UN human rights office denies pressure from Ban to change Congo ‘genocide’ report

By Frank Jordans, AP
Tuesday, August 31, 2010

UN denies Ban pressure to change Congo report

GENEVA — The U.N.’s human rights office said Tuesday it hasn’t come under pressure from Secretary-General Ban Ki-moon to alter a forthcoming report accusing the Rwandan army of committing possible genocide in Congo in the 1990s.

Rwanda has threatened to pull its troops from U.N. peacekeeping missions if the report is published unchanged, claiming the five-year study is “fatally flawed” and “incredibly irresponsible.”

Rwanda contributes thousands of troops to peacekeeping missions in Chad, Haiti, Liberia and Sudan.

A leaked draft — extracts of which were first published by Le Monde last week — accuses Rwandan troops and rebel allies tied to the current Congolese president of slaughtering tens of thousands of Hutus in Congo. The attacks allegedly came two years after those same troops stopped Rwanda’s 1994 genocide that killed more than half a million Tutsis and some moderate Hutus.

The French newspaper cited unidentified U.N. sources as suggesting that Ban wanted U.N. High Commissioner for Human Rights Navi Pillay to change the language of the report to remove the word “genocide” from the text.

“I want to make it crystal clear that this is absolutely untrue,” Pillay’s spokesman, Rupert Colville, told reporters in Geneva.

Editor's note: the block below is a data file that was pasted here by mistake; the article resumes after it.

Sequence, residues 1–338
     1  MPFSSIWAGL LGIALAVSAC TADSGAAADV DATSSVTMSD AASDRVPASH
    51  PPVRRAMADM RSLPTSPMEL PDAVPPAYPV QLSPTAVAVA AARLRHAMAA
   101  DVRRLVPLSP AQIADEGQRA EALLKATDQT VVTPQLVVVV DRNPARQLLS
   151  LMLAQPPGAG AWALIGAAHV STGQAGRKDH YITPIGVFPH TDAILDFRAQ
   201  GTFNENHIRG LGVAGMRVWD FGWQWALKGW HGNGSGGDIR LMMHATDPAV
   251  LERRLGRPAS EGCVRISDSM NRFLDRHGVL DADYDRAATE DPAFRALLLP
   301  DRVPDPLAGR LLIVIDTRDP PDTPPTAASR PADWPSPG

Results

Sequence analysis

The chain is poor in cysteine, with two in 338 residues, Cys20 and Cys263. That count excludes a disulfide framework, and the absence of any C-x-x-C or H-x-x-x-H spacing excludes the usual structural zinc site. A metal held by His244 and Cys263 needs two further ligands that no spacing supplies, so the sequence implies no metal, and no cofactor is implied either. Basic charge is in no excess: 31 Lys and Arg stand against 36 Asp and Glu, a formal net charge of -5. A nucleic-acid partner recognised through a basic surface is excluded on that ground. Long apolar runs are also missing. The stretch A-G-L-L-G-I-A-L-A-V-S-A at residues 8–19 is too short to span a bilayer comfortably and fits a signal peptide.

“Up to this point the secretary general has never put pressure on the high commissioner to alter the text,” he said.

But Colville acknowledged that publication of the draft report had thrown earlier plans for its release into disarray.

“The leak has complicated matters,” he said. “There’s been quite a furor about it. The environment surrounding it affects other parts of the U.N.”

Pillay discussed the report with U.N. officials in New York last week, and it is there that a decision will be made on when to release the final version, which already has been printed.

“There are lots of discussions going on now in New York with various actors,” said Colville. “It’s not simply the secretary general.”

The $3 million study was commissioned in 2005 by Pillay’s predecessor, Louise Arbour. Its production was approved by former Secretary-General Kofi Annan and Ban, his successor. The study also has been endorsed by the powerful U.N. Security Council.

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